Despite efforts to improve college- and career-readiness, students, educators and employers around the world still largely exist in "parallel worlds," never really aligning the skills students learn in class and the ones they need after graduation, according to a new study by the McKinsey Center for Government.
The report, "Education to Employment: Designing a System the Works," identified specific obstacles at different critical junctures of a student's academic-career path. For example, nearly a third of those who graduate high school never enroll in college because it is too expensive. Once enrolled, about 60 percent of students reported wanting on-the-job training and hands-on job skills, but fewer than half had courses that allowed this. Once they graduate, 25 to 40 percent of students found that they were unable to get a first job related to their college field. This matched employers' experiences; 69 percent of employers reported difficulty in finding job candidates with the right skills.
Effective training programs around the world had two things in common, the study found. First, educators and employers worked together, with businesspeople helping to design curricula and educators working to place students in internships. Second, both teachers and employers work with students "early and intensely" to prepare them for a job.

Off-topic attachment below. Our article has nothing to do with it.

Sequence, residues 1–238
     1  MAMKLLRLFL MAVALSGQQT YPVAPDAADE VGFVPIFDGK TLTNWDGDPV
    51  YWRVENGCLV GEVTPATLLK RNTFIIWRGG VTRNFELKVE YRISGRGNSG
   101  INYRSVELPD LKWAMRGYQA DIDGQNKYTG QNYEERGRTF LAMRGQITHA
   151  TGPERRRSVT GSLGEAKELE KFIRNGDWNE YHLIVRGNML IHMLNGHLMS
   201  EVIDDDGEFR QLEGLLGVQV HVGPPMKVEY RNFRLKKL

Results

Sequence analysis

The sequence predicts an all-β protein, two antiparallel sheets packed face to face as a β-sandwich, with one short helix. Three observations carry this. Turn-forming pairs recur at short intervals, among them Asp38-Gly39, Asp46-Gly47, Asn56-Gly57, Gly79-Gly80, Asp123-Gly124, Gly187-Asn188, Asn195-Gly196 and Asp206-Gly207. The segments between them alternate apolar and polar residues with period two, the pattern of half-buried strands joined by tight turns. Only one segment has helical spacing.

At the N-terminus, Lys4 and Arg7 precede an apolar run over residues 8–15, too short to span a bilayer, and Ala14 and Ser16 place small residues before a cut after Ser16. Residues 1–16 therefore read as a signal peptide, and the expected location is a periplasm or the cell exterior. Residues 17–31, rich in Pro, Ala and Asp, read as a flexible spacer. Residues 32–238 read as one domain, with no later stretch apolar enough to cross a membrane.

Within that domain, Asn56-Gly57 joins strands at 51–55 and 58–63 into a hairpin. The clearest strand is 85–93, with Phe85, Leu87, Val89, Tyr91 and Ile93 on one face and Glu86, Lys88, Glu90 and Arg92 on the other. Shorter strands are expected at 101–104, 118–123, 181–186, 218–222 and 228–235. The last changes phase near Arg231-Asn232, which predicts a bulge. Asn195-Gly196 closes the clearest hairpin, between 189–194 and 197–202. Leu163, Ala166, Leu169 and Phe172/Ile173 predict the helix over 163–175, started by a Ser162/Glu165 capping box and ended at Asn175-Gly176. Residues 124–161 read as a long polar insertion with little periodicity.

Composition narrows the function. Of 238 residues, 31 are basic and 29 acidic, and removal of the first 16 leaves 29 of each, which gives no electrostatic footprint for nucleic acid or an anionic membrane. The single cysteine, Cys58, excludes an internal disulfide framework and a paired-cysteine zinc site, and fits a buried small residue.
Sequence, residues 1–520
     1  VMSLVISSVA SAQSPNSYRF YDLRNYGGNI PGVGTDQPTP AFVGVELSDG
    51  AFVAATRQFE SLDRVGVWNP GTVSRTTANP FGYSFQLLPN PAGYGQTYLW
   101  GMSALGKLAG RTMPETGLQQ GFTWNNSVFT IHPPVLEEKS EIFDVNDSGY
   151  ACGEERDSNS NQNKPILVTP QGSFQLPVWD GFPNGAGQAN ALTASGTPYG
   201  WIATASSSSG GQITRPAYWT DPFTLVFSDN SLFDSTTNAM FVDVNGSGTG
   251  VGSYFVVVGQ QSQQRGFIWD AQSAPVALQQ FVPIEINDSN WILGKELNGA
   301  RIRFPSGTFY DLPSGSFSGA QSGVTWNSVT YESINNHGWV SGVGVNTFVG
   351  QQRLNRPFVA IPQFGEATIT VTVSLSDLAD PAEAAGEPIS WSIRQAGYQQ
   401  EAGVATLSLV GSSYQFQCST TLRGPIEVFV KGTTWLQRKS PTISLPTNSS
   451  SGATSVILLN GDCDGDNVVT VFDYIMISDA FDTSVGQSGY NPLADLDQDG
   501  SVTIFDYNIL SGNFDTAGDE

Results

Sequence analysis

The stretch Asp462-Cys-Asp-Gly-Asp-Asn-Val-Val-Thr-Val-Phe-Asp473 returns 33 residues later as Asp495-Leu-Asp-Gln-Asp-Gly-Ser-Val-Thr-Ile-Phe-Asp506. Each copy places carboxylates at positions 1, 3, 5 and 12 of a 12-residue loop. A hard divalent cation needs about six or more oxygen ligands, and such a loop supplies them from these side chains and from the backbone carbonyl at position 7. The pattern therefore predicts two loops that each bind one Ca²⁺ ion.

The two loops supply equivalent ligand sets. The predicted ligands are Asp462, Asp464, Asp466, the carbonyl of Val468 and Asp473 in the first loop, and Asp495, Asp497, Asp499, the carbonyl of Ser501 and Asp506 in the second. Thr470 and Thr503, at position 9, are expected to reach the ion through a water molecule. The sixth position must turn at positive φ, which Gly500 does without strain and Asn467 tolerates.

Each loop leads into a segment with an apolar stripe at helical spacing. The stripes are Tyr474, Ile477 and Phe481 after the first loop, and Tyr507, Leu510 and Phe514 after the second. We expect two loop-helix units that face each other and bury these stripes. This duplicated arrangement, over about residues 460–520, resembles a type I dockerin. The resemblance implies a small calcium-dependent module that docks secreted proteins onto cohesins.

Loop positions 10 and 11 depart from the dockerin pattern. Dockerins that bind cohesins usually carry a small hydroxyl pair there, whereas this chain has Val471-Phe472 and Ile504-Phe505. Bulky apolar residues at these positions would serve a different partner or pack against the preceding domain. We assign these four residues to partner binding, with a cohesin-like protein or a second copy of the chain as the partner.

Researchers for the center, part of the international research firm McKinsey & Co., surveyed students, education providers and employers in nine countries across a broad swath of demographics and income levels: Brazil, Germany, India, Mexico, Morocco, Saudi Arabia, Turkey, the United Kingdom, and the United States. They also analyzed case studies of more than 100 education-to-work programs in 25 countries.
The release site for the report includes some fascinating case studies about the programs that get career-readiness right, including Meister High Schools in South Korea. The system of 28 government-backed schools work not just to train students in technical skills, but to promote advanced manufacturing as a respectable career choice, on par with traditional white-collar professions and requiring the same level of academic rigor and dedication. This is important in a country in which 42 percent of young people reported being "over-educated" for the jobs they applied for, and where one in five small and midsize businesses report they cannot find workers to meet their needs. The schools incorporate industry internships to encourage students to try out different fields before committing to an expensive course of study in college. That might have lessons for American colleges now convulsing over which degree fields to keep and phase out.